Next review: Master and Commander by Patrick O’Brian

Signing off,
Nisa.

Marshmallows For Breakfast by Dorothy Koomson

Marshmallows For Breakfast is not the kind of book that I usually pick up. To be honest, I can’t actually remember buying this for any better reasons than it was cheap and I liked the title. After Gillespie and I though, I think I needed a simpler read, something that would leave me in a clearer state of mind; a comfort read if you will. In that capacity, Dorothy Koomson has certainly delivered.

Marshmallows For Breakfast follows Kendra Tamale as she moves to England after living abroad in Australia. Her hopes at finding a simpler life than the one she had in Australia are quickly dashed when she finds herself helping her landlord’s two young children, Summer and Jaxon, as they struggle to deal with their parents’ inevitable separation. While the children and their father manage to worm their way into her affections, Kendra is keeping a huge, incredibly painful secret from them.
In regards to the plot, I liked it, but I couldn’t help but feel that it was kind of, well, amateurish. The main thing that I can think of is that it feels like the novel tried to tackle too many “big” issues; quite frankly, I think that the pressures of looking after someone else’s children and the fallout that comes from divorce are subjects that can easily take up a whole novel by itself. The fact that there are at least three other big issues that get discussed as part of the narrative makes it feel a bit like Dorothy Koomson wrote this more as a way to get her views out to the public. While she does manage to mostly make the inclusion of these issues fit, it does feel a little preachy; the closest character that you could consider a villain is undoubtedly evil and completely unrepentant for what he has done, which just feels weird considering the comparatively balanced and sympathetic way that almost every other character is portrayed in, despite their failings and issues. One thing that I will give Dorothy Koomson credit for is that she doesn’t feel the need to force a romance into the already full narrative.
The characters are well-written and sympathetic, especially Summer and Jaxon; I was actually rather surprised to find myself liking the two kids, despite the frequent moments in which they act up like every small child you are ever likely to meet. Apart from the children though, there weren’t really any characters that really stood out as such. Well written, but not great.

Overall, this is a comfortable read. It’s not something that I would recommend to someone looking for a book that will challenge them or broaden their horizons. This is well-suited for when you’ve reached a point where you’re just emotionally or mentally tired. 3/5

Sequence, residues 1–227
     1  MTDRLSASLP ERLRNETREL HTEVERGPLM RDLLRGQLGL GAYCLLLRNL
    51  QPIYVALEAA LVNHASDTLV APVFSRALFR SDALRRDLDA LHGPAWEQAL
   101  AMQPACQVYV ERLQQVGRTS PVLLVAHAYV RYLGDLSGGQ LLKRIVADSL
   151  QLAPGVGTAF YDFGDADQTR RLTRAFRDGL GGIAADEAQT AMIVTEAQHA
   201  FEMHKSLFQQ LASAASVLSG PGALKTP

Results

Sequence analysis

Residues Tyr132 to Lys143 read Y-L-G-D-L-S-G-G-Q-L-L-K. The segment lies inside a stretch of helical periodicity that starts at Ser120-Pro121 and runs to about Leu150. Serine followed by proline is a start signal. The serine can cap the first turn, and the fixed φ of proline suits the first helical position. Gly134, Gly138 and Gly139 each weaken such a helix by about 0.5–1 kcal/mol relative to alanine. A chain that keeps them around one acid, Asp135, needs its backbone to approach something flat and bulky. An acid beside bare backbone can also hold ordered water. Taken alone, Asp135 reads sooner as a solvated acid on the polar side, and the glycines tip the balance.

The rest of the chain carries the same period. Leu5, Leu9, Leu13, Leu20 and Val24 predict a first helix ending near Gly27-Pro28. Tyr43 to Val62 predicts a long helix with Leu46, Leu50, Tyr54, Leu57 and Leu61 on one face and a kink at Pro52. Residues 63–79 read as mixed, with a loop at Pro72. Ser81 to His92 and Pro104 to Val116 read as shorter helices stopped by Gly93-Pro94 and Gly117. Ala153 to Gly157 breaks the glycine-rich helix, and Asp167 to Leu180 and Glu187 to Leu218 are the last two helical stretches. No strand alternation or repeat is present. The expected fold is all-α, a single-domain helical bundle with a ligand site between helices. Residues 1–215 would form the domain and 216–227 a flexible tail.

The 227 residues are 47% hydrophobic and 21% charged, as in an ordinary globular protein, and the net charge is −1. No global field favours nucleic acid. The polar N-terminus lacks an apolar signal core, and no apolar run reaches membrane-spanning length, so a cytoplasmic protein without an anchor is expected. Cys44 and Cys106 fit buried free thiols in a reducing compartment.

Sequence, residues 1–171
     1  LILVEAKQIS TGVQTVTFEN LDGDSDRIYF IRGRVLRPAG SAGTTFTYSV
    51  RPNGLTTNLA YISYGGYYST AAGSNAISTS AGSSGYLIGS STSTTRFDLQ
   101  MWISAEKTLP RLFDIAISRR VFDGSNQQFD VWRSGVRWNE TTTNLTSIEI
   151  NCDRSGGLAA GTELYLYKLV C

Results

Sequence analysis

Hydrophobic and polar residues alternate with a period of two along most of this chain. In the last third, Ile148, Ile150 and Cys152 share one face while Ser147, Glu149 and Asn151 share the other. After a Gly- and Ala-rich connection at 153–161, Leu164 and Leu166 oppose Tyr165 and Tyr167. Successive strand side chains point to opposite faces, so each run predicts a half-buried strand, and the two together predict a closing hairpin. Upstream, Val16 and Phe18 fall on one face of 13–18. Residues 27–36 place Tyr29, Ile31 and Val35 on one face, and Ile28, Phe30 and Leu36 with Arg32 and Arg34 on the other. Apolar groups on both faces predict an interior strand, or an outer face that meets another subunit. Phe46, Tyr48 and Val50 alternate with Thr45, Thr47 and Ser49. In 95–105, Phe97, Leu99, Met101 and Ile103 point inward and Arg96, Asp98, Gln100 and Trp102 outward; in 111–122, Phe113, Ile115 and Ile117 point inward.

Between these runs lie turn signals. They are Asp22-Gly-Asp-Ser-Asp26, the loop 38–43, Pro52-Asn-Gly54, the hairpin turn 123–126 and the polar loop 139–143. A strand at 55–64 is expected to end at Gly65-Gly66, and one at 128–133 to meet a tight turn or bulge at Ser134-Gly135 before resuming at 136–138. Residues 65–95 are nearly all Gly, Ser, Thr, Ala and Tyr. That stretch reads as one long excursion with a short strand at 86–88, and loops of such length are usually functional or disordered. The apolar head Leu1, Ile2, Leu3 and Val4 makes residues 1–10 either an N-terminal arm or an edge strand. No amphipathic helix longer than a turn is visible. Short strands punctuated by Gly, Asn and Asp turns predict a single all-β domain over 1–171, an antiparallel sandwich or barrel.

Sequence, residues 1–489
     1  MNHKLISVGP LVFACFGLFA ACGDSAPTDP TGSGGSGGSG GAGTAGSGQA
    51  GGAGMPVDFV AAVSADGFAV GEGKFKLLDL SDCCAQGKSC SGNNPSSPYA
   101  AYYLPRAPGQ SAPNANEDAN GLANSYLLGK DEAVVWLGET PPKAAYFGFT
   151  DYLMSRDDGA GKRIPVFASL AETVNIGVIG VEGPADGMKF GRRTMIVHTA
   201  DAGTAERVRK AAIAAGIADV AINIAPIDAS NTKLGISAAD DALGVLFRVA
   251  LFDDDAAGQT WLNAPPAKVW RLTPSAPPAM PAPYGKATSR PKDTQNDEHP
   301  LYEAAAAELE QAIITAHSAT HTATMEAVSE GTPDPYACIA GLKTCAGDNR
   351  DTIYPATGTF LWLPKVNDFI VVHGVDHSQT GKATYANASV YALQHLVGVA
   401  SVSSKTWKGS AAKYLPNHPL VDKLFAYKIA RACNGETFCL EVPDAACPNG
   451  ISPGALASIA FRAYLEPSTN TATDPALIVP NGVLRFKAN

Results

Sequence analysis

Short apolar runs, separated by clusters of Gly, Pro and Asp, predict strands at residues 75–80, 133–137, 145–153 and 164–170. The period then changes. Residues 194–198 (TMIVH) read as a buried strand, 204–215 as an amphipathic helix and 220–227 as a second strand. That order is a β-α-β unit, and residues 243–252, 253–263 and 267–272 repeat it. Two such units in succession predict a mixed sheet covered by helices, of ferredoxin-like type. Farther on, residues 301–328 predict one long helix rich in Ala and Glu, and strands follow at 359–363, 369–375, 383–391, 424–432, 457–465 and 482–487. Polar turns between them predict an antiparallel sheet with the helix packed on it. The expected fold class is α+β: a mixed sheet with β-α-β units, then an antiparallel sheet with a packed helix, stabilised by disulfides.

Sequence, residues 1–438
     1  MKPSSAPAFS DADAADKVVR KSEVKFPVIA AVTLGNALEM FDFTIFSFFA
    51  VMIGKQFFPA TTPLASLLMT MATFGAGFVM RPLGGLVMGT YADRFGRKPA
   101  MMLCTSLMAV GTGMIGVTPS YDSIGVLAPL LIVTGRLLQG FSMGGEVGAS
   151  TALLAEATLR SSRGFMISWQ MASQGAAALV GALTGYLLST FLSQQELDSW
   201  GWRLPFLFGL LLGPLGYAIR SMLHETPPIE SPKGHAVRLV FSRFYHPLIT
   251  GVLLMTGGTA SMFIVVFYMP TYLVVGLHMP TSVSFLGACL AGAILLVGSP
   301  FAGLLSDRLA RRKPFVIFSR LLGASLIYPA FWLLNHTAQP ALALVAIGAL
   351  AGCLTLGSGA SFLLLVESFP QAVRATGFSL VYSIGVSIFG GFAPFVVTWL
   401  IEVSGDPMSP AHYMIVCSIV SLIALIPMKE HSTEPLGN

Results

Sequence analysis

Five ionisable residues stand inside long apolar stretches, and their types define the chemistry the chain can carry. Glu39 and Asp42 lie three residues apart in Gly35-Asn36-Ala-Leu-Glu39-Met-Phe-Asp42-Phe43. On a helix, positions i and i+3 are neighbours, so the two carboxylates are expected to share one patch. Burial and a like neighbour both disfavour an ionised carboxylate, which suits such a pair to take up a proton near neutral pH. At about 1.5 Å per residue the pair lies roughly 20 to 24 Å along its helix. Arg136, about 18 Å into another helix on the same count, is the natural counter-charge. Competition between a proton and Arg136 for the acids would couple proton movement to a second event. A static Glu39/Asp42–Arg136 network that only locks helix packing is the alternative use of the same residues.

Next review: Richard III by William Shakespeare

Signing off,
Nisa.

The Time Traveler’s Wife by Audrey Niffenegger

To be honest, I’m not sure what made me pick this book up. Obviously I remembered the huge hype that there was when the film adaptation came out, so I was in two minds about The Time Traveler’s Wife when I picked it up second hand. On the one hand, often there’s something prompting the hype meaning that it’s probably pretty good, but on the other hand hype is very bad for raising impossibly high expectations, thus causing disappointment when the book doesn’t live up to the hype. But, considering that it’s been years since the hype died down, I decided that this would be a safe time to take a look. 

So, you probably know what the novel’s about, but this is my turn to talk, so I’ll tell you anyway. This is the love story between Clare and Henry. Of course, it isn’t that simple, it never is in fiction. The main complication in this relationship is that Henry has a genetic condition that means that he will, often in times of stress, travel back or forwards in time. This is actually quite well implemented, especially when the two first start dating; Henry has never met her before, whereas Clare is well aware of who he is because she has seen several of his future selves throughout her childhood. The time travel itself brings up a lot of questions about the nature of fate and whether the future is already determined or whether we can use free will to affect the past or the future. It can get kind of depressing, but the sheer amount of optimism in Henry and Clare’s relationship negates that for the most part. Regarding that, I have to praise the book for its focus on a long-term couple and for making the relationship so…human. What I mean by that last point is that it feels utterly true to life, with flawed characters leading out lives with decisions that aren’t necessarily the right ones and having to get one with the consequences. It’s a refreshing change from insta-romances and affairs that progress without a hitch (or ones which are plagued with nothing but misery). 
The characters are similarly human. There’s Henry, who is a bookish girl’s dream (probably on purpose) as he’s intelligent and cultured, but at the same time prone to depression, losing his temper and alcoholism. Clare is patient and creative, but gets more and more prone to irritation as the number and length of Henry’s absences increase throughout their married life. There are other characters who appear at various times in their lives, such as Gomez, a liberal lawyer with an unrequited crush on Clare; Ben, an AIDS sufferer friend of Henry’s and Ingrid, an angry ex-girlfriend. 
To be honest, I’m not sure what else to say, considering that this is quite widely known. The only other thing that I can think of to say is that if you haven’t read this yet and want to, I would recommend keeping tissues nearby when you get towards the end; it’s the closest I’ve gotten to bawling in a long while. 
In this case, the hype was well-founded. This is a well-written, genuinely touching love story and I would happily recommend it. 4.5/5 
Next review: The Aviary Gate by Katie Hickman 
Signing off, 
Nisa. 

Powered by WordPress & Theme by Anders Norén